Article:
Medina Leon had passed the first round of the interview process to gain asylum from El Salvador.

@NMACCommunity / Twitter

She was held in detention over a month before her first interview and was going into her second month at the Otero processing center–a privately owned facility notorious for its abuses against the LGBTQ+ community.

Roxsana Hernandez Rodriguez traveled from Honduras to seek asylum in the U.S. She died in ICE custody.

@ajplus / Twitter

Hernandez Rodriguez died on May 9, 2018. The official autopsy reports that she died of severe dehydration–a shockingly preventable death. Independent autopsies commissioned by civil rights activists discovered the proof of abuse Hernandez Rodriguez faced during her 16 days in ICE custody.

Hernandez Rodriguez had anonymously shared her stories of rape as a trans woman in Honduras.

@aflores / Twitter

She was part of the migrant caravan that the media decided to cover last year. The independent autopsies revealed that she had been beaten while in custody. ICE denies the allegations.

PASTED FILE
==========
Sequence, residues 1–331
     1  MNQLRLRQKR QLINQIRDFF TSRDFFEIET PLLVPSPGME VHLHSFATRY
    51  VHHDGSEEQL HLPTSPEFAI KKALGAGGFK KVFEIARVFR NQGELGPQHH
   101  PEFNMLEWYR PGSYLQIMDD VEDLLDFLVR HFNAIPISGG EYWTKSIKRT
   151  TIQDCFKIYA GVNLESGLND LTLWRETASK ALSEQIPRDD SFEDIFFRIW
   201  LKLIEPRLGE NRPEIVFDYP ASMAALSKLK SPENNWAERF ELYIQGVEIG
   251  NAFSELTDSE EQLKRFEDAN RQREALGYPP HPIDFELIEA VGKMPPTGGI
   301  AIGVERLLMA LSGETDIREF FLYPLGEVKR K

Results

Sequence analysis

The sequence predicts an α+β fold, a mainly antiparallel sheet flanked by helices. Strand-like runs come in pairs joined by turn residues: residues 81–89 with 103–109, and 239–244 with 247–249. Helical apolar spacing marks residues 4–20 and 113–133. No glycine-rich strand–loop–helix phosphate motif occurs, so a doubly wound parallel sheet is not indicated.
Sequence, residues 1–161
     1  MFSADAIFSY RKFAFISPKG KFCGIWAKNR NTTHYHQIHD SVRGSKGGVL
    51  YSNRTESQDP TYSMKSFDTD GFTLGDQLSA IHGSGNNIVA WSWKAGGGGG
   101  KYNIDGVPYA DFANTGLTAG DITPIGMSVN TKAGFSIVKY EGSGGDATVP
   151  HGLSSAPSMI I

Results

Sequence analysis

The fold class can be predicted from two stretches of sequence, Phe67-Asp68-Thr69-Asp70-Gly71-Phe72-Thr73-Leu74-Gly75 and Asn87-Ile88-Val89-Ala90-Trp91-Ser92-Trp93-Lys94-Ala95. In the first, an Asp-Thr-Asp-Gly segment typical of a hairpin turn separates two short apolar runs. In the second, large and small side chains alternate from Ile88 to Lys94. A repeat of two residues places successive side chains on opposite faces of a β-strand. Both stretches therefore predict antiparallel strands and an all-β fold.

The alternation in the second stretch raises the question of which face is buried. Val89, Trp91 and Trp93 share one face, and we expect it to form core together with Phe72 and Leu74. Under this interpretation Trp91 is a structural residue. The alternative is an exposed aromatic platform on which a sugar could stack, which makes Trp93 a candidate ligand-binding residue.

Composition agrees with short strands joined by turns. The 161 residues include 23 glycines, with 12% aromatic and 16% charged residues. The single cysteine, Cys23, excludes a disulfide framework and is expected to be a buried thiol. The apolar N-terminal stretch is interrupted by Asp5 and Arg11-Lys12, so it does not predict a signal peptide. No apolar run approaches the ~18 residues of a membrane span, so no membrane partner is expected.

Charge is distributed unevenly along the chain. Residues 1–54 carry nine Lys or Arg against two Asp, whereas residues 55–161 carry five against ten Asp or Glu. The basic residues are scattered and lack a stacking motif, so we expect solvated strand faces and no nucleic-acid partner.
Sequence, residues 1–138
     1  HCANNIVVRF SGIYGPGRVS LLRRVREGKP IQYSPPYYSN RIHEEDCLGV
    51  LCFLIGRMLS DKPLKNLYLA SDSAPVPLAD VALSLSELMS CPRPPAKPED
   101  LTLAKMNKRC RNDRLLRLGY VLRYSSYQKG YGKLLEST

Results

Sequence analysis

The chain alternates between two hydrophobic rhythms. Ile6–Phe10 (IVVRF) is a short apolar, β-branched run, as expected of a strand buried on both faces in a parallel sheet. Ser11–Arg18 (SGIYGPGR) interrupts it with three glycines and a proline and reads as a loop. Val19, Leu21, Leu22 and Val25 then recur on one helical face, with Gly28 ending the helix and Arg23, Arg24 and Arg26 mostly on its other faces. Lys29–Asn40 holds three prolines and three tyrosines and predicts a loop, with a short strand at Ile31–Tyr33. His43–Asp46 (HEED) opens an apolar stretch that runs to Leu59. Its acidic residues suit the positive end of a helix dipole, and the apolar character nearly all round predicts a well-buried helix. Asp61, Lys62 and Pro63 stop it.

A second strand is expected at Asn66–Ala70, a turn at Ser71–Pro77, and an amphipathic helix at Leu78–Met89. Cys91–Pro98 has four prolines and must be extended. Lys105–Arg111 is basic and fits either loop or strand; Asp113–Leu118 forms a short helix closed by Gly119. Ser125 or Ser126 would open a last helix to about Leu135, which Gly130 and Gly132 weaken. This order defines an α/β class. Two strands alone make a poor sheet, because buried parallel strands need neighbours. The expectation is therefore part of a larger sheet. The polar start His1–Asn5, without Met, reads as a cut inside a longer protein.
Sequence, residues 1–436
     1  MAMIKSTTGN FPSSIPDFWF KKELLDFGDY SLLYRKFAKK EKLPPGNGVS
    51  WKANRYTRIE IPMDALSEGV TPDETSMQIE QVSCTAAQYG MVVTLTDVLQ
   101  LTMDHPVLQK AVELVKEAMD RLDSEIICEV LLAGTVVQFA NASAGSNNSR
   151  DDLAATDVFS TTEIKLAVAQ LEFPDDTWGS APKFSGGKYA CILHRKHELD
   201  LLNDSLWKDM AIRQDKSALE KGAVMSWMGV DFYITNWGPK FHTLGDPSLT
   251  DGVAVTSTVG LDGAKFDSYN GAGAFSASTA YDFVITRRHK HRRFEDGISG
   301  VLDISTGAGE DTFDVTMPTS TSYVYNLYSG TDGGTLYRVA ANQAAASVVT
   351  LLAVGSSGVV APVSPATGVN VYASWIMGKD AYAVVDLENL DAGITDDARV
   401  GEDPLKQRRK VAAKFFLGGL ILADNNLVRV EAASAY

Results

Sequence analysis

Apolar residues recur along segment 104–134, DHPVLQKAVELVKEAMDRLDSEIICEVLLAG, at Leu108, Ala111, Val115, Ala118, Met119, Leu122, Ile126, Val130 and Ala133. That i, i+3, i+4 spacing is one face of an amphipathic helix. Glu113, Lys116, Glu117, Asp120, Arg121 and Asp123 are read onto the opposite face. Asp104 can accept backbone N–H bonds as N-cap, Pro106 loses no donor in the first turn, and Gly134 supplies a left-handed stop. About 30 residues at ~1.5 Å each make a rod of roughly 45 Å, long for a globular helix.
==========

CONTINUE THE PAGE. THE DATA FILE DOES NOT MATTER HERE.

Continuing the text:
Medina Leon, 23, and Hernandez Rodriguez, 33, exemplify ICE’s inability to provide appropriate medical care to trans asylum seekers.

@MaketheRoadNY / Twitter

There is currently no policy that forces ICE to place transgender immigrants in the gender population of their expression. HRW reports that the most significant danger to a trans woman in ICE custody is being misgendered and placed in the male population. One trans woman interviewed revealed she was raped by three men in a detention center in Arizona.

More than 26,000 people have petitioned to release Alejandra Barrera, the longest detained trans woman.

@sonsandbros / Twitter